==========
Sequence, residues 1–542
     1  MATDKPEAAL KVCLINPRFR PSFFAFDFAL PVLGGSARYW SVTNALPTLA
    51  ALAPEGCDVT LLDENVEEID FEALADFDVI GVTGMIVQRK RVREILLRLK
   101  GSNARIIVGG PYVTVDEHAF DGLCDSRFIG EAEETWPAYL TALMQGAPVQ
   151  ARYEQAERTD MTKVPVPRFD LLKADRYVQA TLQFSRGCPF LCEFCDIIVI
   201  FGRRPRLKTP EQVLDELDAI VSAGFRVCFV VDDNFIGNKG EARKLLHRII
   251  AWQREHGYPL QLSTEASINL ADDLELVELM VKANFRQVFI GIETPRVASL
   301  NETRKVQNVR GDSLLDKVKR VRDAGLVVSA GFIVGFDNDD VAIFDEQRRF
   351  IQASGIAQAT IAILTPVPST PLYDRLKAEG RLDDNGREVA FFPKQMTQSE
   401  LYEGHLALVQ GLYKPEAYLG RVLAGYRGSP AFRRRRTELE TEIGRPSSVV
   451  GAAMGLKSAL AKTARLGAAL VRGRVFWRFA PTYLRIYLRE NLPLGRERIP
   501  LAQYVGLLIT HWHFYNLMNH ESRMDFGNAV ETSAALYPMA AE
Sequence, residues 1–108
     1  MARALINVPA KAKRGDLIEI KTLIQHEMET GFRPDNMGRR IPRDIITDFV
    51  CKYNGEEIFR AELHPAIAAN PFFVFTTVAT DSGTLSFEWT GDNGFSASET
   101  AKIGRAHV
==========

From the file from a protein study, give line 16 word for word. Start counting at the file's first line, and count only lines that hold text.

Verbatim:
   101  AKIGRAHV